Subscribe to thelist. A weekly e-mail that informs you of great tech events coming up in that week. They also have a Singapore counterpart here.
Meetup.com. If Facebook Groups are too hard to stay updated for you, you should try using meetup.com as some of the event organisers use it to promote their events. But watch out for groups that are setup to promote MLM businesses.
Calendata.It’s a bit like meetup.com but Calendata curates the events into a list for you, it can be synced with your Google Calendar too.
MaGIC. The newly setup government agency to promote tech entrepreneurship in Malaysia organises a lot of great events that you will undoubtedly benefit from.
Hope you enjoy the list. Let me know if I left out any!
I assume that you already know how to use Git and Heroku. If you don’t, go http://try.github.com to learn Git, and download Heroku toolbelt, of course you need to install Git in your computer.
Heroku is a rock solid PaaS platform for you to host web apps easily. With the new update from Heroku for supporting composer and of course, Laravel. PHP lovers now have one more damn good hosting option for their favorite framework Laravel.
Ho shit I love Laravel, it’s better than meth.
Now I just going to explain a few tweaks that you need to do to Laravel before it runs on Heroku.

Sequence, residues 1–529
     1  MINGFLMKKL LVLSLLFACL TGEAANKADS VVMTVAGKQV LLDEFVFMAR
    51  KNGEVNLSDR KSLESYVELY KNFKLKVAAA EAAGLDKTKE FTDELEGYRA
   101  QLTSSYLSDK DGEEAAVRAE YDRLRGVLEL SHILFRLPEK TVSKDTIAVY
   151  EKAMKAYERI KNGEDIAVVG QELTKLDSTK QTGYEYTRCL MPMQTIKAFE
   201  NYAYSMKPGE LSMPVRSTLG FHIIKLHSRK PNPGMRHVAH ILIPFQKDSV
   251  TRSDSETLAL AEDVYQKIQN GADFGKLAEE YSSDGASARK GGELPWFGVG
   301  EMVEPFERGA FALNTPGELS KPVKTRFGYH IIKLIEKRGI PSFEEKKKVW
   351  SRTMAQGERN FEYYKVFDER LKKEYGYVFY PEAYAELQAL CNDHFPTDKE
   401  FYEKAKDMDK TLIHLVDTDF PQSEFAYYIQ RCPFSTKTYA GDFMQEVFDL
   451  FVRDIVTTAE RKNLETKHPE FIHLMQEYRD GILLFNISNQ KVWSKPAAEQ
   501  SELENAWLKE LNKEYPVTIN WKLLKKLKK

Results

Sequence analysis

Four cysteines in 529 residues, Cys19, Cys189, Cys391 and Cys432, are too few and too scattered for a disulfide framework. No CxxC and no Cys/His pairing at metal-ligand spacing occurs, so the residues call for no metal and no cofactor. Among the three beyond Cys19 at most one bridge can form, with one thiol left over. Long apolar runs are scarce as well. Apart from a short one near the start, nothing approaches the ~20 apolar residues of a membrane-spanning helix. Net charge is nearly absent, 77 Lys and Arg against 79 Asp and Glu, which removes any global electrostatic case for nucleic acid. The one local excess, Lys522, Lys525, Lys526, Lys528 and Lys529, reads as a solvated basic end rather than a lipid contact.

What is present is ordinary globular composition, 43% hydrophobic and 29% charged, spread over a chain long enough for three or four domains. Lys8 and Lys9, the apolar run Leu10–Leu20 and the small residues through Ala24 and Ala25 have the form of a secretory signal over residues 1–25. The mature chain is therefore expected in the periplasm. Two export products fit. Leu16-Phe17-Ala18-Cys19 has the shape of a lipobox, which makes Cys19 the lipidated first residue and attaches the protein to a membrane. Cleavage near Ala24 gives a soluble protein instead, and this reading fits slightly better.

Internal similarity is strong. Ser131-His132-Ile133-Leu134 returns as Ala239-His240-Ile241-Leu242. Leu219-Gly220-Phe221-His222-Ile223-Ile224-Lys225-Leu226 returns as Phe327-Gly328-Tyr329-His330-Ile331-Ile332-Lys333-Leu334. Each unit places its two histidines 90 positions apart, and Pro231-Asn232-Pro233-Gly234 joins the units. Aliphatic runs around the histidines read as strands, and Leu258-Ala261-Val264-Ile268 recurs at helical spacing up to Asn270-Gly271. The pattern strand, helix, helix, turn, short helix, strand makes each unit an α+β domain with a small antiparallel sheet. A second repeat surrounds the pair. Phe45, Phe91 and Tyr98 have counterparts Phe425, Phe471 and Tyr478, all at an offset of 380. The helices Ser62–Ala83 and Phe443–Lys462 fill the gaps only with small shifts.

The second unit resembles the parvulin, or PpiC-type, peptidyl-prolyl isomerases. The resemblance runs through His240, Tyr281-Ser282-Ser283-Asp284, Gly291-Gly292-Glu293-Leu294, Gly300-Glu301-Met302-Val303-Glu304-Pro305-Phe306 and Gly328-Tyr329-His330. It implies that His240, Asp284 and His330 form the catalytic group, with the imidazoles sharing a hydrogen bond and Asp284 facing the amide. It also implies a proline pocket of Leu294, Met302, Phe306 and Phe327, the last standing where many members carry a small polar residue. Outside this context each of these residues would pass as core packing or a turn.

Step 0: Create a Laravel Project
So as usual:
$ cd ~/apps
$ composer create-project laravel/laravel app_name
Wait! If you do not understand the lines above, you probably need to learn how to use PHP Composer. There is a chance you don’t even know you should do this thing in Terminal (OS X) or Git Bash (Windows).
What we just did is that we have moved into ~/apps folder and created a Laravel project, with any name of the app you like lah.
Then the next thing we need to do is initiate a git repository for the app, and create a heroku app then push it up!
But wait! Heroku recognized that it’s a PHP app but couldn’t proceed because… composer.lock is not checked in!
Step 1: Unignore composer.lock
Turns out, by default, Laravel’s default .gitignore has composer.lock to be ignored. Open up .gitignore and delete the line with composer.lock in it.
Then we recommit the .gitignore and try to push again. This time, we get this:
So what just happened?
Turns out that by default, Heroku thinks that your project root folder should have index.php to serve as homepage. But Laravel is different, the homepage is actually inside public/ folder.
So how do we make heroku serve public/index.php instead?
We need to add a Procfile. A Procfile (process file) declares the processes of the app, you got like web processes (deal with web requests) and background processes (queues or workers that send e-mails, do mundane tasks so web requests don’t get slowed down).
Step 2: Procfile
To make the Procfile, just create a new file named… Procfile and put it in project root. Inside Procfile, just write: